Dwarf Manager Variability – Getting The Big Things Right by Seth J. Masters, AllianceBernstein
In a recent post, I argued that most investors and their financial advisors (wrongly) focus on relative returns because they can: There’s lots of data to look at. Unfortunately, focusing on relative returns tends to lead to performance chasing, which often destroys wealth.
But even if investors could restrain themselves from chasing performance, obsessing about relative returns doesn’t make sense. Many studies have shown that asset allocation is far more important to long-term portfolio outcomes.*
The importance of asset allocation to long-term returns can be seen in the Display below, which shows the range of rolling one-year returns for indexes representing various traditional asset classes over the last 25 years in blue, and the range of relative returns earned by active managers in each asset class in light blue. Each bar spans returns from the top to the bottom decile of 12-month performance; each diamond represents the median result. As you can see, the range of annual index returns for each asset class is far greater than the range of manager returns relative to the index.
At this year's Sohn Investment Conference, Dan Sundheim, the founder and CIO of D1 Capital Partners, spoke with John Collison, the co-founder of Stripe. Q1 2021 hedge fund letters, conferences and more D1 manages $20 billion. Of this, $10 billion is invested in fast-growing private businesses such as Stripe. Stripe is currently valued at around Read More
For example, returns for the S&P 500 index of US stocks ranged from (14)% to 30%: a spread of 44 percentage points. Relative returns earned by active managers of US stocks varied much less: from (8)% to 5%, a spread of 13 percentage points. The range of returns for bonds was much narrower than for stocks, but for bonds, too, index returns were significantly more variable than manager performance.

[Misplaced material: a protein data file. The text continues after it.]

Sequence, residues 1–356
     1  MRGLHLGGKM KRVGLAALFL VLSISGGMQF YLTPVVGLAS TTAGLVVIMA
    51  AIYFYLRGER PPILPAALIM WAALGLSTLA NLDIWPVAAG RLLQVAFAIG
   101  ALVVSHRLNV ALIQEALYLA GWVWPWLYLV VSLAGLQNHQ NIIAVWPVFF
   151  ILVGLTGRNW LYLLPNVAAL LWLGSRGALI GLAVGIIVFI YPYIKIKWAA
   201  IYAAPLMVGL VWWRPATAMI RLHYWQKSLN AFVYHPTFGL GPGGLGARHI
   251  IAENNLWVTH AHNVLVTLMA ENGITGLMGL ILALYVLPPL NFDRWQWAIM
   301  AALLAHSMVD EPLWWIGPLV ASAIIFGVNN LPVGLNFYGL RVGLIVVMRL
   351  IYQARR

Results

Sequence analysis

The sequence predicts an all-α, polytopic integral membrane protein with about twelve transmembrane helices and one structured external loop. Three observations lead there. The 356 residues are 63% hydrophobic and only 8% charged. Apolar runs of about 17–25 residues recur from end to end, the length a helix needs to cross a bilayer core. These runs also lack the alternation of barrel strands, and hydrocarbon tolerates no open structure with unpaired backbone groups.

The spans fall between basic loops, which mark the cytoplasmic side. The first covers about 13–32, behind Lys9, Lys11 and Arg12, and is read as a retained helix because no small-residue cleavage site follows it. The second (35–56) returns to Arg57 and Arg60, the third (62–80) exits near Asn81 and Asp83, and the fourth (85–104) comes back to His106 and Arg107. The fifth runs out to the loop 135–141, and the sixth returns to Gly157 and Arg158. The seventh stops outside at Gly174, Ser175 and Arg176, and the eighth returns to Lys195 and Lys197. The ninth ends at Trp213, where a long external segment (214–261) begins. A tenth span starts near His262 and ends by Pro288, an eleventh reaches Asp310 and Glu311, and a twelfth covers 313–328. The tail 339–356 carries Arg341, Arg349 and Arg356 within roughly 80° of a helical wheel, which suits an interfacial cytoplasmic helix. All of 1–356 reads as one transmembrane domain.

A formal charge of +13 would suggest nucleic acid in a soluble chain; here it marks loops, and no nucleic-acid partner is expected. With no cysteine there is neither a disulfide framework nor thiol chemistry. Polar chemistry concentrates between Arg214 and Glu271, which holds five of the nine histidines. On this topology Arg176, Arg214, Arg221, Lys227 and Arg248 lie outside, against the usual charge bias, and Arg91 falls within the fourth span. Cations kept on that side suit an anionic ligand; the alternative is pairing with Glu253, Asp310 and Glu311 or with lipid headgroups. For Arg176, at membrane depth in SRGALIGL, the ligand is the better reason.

In other words, fluctuations in market returns (or beta) have been far more important to investor returns than manager skill (or alpha).
Does that mean it doesn’t matter whether you go with a winning or losing manager? Not at all: Every bit of return helps. And since we expect market returns to be modest over the next five to 10 years, we think that an extra boost from manager alpha will be particularly helpful. Even so, the impact of any manager alpha on your long-term investment results will likely be trumped by the impact of your asset-allocation beta decision.
*Gary P. Brinson, L. Randolph Hood, and Gilbert L. Beebower, “Determinants of Portfolio Performance,” Financial Analysts Journal , July–August 1986; and Brinson, et. al, “Determinants of Portfolio Performance II: An Update,“ Financial Analysts Journal, May–June 1991.
The views expressed herein do not constitute research, investment advice or trade recommendations and do not necessarily represent the views of all AB portfolio-management teams.